The breakup was a minor tragedy for fans of DIY-style bands. But to hear Farina explain it today, it was a completely defensible decision—and part of the natural life cycle of a band. “I panicked that I was losing my hearing and maybe acted a little bit rashly,” Farina says. “But we toured for 12 years together, and no matter how close you are to your bandmates and how good of friends you are, it’s a situation that can be unhealthy. We would just spend a lot of time, too much time together, I think.”
A funny thing happened next, however: Karate became more popular in its afterlife than it ever was at its circa-Y2K peak. The members remained friends, but they played in other bands and took on day jobs. (Farina is currently a professor at the DePaul University School of Music.) In their time away, the cult of Karate only grew. Maybe it was because of unauthorized YouTube links and MP3 uploads, or maybe it was word-of-mouth gospel from older cousins and siblings spreading to younger fans, but a band that made its bones playing house shows for a few dozen people encountered a newfound interest in their music. By the late 2010s, the demand was such that famed reissue label The Numero Group got involved. The company helped secure Karate’s master recordings (which Farina says Karate’s old label essentially held “hostage for a decade”). In 2021, Numero began rereleasing Karate’s albums in gorgeous remastered packages, which brought a fresh wave of critical and blog coverage, in turn boosting the demand for their music further.
At the same time, the members realized that they missed playing together—or at least acknowledged that playing with other musicians never felt as natural. Drummer Gavin McCarthy says that’s possibly the result of Karate starting in his formative years (he was 19 when the band began and 31 when it broke up). But whatever the reason, whenever he’d play with other musicians, he would think to himself, “Well, this is weird because they’re not doing it right.”
“Being in the band was also for me learning how to be a musician and being influenced by what these guys were into,” McCarthy says.
So this year, building off the sudden buzz created by the reissues and the desire to give it another go, Karate committed to do something they’d never thought they’d do again: They booked a tour across the U.S. And while 11 may not sound as impressive as the 700 from their younger days, that’s the number of gigs they settled on for their summer 2022 stint. “We were going to do a couple of shows, which turned into a few more shows,” McCarthy says. “It’s manageable, not too much. I was like, ‘If we can’t bring this 120 percent, then I don’t want to do it.’ We got to be fucking balls to the wall. I do not want to get up and be like, ‘Eh, that’s cool that they came back for one thing.’”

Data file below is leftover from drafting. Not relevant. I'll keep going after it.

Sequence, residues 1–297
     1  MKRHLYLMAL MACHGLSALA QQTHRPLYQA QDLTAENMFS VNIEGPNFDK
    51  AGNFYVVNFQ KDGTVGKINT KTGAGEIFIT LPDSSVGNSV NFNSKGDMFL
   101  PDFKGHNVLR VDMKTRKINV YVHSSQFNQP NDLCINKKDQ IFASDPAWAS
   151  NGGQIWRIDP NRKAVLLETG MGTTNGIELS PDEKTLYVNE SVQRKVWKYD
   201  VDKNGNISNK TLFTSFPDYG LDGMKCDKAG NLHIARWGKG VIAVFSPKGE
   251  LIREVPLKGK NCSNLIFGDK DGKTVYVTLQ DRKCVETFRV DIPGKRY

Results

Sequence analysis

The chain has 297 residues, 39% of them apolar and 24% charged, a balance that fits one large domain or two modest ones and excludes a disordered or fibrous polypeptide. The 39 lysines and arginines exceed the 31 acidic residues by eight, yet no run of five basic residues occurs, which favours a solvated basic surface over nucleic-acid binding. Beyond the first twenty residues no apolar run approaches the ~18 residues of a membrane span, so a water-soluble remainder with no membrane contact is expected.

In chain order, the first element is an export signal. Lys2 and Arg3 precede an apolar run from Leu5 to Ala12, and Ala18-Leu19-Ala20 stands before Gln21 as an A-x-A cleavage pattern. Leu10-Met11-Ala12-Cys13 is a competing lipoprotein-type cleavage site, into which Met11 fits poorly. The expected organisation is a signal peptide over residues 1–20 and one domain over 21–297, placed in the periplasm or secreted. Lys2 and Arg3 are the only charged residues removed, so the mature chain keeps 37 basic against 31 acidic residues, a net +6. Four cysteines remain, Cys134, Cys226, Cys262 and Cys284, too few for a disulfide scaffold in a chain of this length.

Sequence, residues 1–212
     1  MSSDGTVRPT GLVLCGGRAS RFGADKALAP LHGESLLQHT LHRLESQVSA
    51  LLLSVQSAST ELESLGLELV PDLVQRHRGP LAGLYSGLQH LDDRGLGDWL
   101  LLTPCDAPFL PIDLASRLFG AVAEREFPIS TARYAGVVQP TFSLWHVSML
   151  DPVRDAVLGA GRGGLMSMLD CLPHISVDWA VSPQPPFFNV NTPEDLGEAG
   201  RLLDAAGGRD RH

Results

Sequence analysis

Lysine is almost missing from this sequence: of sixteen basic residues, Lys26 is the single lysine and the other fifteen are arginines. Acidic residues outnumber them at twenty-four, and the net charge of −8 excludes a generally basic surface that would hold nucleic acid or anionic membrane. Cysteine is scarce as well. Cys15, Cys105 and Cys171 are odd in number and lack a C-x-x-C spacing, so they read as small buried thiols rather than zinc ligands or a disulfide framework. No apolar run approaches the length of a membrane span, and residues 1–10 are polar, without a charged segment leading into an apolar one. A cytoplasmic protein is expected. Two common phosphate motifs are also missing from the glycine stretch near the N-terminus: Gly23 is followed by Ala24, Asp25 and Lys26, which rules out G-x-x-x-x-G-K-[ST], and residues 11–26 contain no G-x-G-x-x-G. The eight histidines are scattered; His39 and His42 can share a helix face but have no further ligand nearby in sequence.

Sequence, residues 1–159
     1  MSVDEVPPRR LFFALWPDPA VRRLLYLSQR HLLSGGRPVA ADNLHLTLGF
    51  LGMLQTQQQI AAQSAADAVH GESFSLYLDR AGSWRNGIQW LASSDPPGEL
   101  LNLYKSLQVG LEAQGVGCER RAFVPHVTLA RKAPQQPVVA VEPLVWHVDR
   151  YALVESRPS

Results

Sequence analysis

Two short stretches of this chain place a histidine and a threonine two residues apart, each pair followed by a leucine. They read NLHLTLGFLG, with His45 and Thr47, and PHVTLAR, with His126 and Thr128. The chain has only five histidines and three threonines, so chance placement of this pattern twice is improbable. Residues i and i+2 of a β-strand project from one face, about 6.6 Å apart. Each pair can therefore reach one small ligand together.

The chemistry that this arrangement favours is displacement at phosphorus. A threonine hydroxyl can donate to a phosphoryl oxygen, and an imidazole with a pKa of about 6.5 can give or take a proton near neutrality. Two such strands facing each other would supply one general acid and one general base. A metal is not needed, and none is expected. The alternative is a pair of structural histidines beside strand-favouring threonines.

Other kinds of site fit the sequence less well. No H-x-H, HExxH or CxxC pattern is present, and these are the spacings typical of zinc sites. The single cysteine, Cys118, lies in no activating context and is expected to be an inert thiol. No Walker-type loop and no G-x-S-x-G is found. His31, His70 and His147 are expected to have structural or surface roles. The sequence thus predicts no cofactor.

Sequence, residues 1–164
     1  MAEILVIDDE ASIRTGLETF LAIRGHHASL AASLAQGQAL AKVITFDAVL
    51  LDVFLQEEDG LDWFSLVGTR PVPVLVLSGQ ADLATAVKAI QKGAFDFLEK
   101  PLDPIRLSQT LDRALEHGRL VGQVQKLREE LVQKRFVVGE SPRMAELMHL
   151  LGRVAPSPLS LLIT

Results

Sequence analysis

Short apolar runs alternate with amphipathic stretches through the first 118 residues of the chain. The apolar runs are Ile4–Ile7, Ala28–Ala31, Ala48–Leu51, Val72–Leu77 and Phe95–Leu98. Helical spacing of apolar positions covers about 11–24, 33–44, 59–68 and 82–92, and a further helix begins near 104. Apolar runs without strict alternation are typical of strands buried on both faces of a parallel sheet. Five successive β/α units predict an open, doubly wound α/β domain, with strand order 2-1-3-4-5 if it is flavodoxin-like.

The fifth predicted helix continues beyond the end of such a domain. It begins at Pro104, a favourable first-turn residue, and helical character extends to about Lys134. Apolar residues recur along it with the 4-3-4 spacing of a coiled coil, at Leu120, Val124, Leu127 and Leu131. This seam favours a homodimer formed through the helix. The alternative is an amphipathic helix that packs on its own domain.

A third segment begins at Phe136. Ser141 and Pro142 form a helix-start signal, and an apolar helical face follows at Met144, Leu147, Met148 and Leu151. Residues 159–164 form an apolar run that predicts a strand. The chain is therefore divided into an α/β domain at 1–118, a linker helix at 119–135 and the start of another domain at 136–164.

Earlier this month—a little grayer and a little balder—Farina, McCarthy, Vitt, and guitarist Jeff Goddard piled back into the van. They kicked things off with three nights in their hometown Boston—including a warm-up gig at their old 194-capacity stomping grounds, the Middle East Upstairs. In the middle of the month, they played Pitchfork Music Festival in Chicago to one of the largest crowds they’d ever seen. (Their guest list was mostly claimed by Farina’s DePaul students. “They’re like, ‘Old man Farina, what’s he doing at Pitchfork?’” he jokes.)
Last Saturday, Karate rolled into the Echoplex in Los Angeles for the final show of the run. When they took the stage for a nearly sold-out crowd shortly after 9 p.m., they did so under the sparkle of disco balls still spinning from the night before. (An Emo Night Brooklyn dance party held at the Echoplex, in a bit of a strange coincidence.) For the next 90 minutes, they regaled the crowd—a mix of men with salt-and-pepper beards and kids with crisp Drive Like Jehu shirts—with modest hits and deep cuts from across their oeuvre. On the venue’s booming sound system, it felt like a coronation for kings of a small scene with outsize influence, rewriting a history that seemed settled in dank basements nearly two decades ago.
“It’s been a really pleasant surprise to feel welcomed after so many years,” Farina said a week prior, speaking at Pitchfork Festival. “We’re just really taking it all in and having a good time. We still don’t quite know what’s going on.”